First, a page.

June 14

Sons and Daughters of Ease and Plenty

Ramona Ausubel — Sons and Daughters of Ease and Plenty (Riverhead)

Ausubel made a big impression with her distinctive vision in her debut novel about the Holocaust,  No One is Here Except All of Us, and her sophomore collection of surreal stories, A Guide to Being Born (think Karen Russell). She returns with the story of a privileged family in the mid-1970s who are confronted with a massive financial setback. The parents go their separate ways and their three children hunker down and try to cope with their changed and parentless world.

The Girls

Emma Cline — The Girls (Random House)

Cline’s first novel is also generating a lot of talk. A shy 14-year-old girl becomes friends with an older, charismatic girl and her mysterious friends. They soon suck her into the secret world of a cult living in the nearby hills. The parallels to Charles Manson’s “family” are obvious in this dark coming of age tale set in the Northern California in the late 1960s.

Grace

Natashia Deon — Grace (Counterpoint)

Deon’s debuts is a complex portrait of slavery pre- and post-Emancipation Proclamation. Fifteen-year-old Naomi runs away from her Alabama plantation and ends up in a Georgia brothel, where she falls in love with a white man. The bulk of the story follows their child, Josey, who is separated from her mother and raised by a freed slave in the years following the Civil War; she negotiates a life of violence as a mixed-race slave, then as part of a group of freed women. Rebecca Solnit says, “People will compare this book to Twelve Years a SlaveCold Mountain, and Beloved, and those are fair comparisons for the kind of time and place here, and the evocation of the south 150 years ago. But reading it, I thought of murder ballads, those songs of melancholy and injustice.” Grace is a moving story about the bonds of mother and daughter in the most difficult of circumstances.

Barkskins

Annie Proulx — Barkskins (Scribner)

In a novel that seems like to occupy a parallel universe to Yaa Gyasi’s Homegoing, two young woodcutters (“barkskins”) land in 17th century New France hoping to create lives in the New World. Like the half-sisters in Gyasi’s book, their personalities, skills, and luck are diametrically opposed, with dramatically different results. Proulx depicts the paths of their family trees for the following 300 years with her inimitable style and insight.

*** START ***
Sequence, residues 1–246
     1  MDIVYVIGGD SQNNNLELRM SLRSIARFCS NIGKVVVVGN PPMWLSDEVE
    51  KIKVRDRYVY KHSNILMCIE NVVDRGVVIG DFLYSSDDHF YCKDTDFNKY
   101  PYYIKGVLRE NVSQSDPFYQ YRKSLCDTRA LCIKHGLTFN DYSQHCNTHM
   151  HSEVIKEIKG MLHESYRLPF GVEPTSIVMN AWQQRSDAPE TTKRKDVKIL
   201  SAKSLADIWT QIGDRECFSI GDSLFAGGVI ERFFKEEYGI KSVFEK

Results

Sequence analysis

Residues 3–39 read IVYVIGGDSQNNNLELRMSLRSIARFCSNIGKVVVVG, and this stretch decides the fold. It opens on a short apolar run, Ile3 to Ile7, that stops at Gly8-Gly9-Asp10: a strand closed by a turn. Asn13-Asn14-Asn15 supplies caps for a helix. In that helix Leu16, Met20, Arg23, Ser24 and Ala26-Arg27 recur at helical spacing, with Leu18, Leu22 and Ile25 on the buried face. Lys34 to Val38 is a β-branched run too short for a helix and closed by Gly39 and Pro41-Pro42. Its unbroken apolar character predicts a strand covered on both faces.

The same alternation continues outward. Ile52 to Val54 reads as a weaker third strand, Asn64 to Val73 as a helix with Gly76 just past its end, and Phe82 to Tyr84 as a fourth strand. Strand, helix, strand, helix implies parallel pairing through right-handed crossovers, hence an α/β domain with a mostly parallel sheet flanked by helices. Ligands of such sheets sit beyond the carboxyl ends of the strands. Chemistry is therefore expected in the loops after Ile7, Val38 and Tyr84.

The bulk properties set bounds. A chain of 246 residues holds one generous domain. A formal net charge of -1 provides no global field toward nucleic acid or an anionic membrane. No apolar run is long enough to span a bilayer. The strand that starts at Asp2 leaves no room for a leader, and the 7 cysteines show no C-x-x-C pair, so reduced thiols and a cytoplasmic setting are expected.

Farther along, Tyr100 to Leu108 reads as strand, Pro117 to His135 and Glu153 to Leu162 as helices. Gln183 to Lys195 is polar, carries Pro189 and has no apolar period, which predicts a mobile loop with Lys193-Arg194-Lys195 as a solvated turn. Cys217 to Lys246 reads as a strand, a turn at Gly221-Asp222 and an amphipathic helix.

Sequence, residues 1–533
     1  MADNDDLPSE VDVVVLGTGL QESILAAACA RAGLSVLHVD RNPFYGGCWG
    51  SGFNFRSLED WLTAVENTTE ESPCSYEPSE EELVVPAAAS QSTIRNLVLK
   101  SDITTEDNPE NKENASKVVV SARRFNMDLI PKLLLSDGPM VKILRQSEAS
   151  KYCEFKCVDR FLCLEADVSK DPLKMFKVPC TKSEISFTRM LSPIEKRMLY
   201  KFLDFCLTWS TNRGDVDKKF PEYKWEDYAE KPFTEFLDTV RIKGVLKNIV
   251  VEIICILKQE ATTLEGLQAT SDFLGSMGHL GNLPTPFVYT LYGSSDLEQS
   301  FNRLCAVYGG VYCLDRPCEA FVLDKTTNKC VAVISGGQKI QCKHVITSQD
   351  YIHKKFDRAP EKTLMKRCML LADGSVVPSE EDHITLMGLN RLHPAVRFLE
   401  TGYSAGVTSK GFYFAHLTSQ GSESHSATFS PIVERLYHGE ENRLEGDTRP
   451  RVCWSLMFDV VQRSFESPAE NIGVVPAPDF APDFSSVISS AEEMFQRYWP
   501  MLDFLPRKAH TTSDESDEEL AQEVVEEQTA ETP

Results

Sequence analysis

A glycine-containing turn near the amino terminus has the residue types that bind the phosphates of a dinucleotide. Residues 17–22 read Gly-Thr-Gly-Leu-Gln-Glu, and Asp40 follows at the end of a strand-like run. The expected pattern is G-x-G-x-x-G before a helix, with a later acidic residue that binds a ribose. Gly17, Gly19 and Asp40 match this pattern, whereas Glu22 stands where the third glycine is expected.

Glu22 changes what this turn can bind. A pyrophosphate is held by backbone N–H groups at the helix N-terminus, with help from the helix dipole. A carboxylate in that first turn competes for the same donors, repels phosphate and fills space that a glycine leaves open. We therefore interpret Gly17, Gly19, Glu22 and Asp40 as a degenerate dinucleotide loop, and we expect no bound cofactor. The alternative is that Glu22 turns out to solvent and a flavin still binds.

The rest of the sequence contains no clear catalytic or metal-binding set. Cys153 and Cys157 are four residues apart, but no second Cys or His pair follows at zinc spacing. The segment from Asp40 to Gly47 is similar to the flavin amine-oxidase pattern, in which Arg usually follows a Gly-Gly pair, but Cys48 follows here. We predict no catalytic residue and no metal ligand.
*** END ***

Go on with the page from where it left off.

June 21

The Mandibles

Lionel Shriver — The Mandibles: A Family, 2029-2047 (Harper)

Shriver is widely admired for her compelling family dramas We Need to Talk About Kevin and Big Brother. Now she moves into speculative, dystopian fiction, a la Margaret Atwood, to probe the nature of family life when a global currency collapse wipes out the fortune they expected from their 97-year-old patriarch.

Vinegar Girl

Anne Tyler — Vinegar Girl (Hogarth Shakespeare)

Tyler’s modernized take on Shakespeare’s The Taming of the Shrew is the latest in a series of similar books published by Hogarth. Of course, modernizations of Shrew have been with us a long time, such as the musical Kiss Me Kate and the teen-oriented movie 10 Things I Hate About You. So one would think there was nothing left to do with this story of a difficult young woman who refuses to marry, complicating the marriage plans of her younger sister. Here, 29-year-old Kate Battista teaches pre-school and keeps house for her eccentric scientist father and takes care of Bunny, her younger sister. The plot thickens when Dr. Battista needs to find a way to keep his Russian research assistant in the country and looks to Kate for help.


June 28

The Trouble with Lexie

Jessica Anya Blau — The Trouble with Lexie (Harper Perennial)

The irrepressible Blau is back with another breezy yet biting tale of a young woman in various forms of trouble (as in her last book, the darkly comic The Wonder Bread Summer). Lexie James has overcome a troubled upbringing, earning a master’s degree, nabbing a plum job at a prestigious New England prep school, and becoming engaged to a terrific guy. As her wedding date nears, she is plagued by self-doubt. Does she really deserve a life like this? An alumnus of Ruxton Academy becomes the catalyst for Lexie’s journey of self-discovery. In The Trouble with Lexie, Blau offers up an entertaining combination of humorous and poignant moments in a fast-paced, fun read.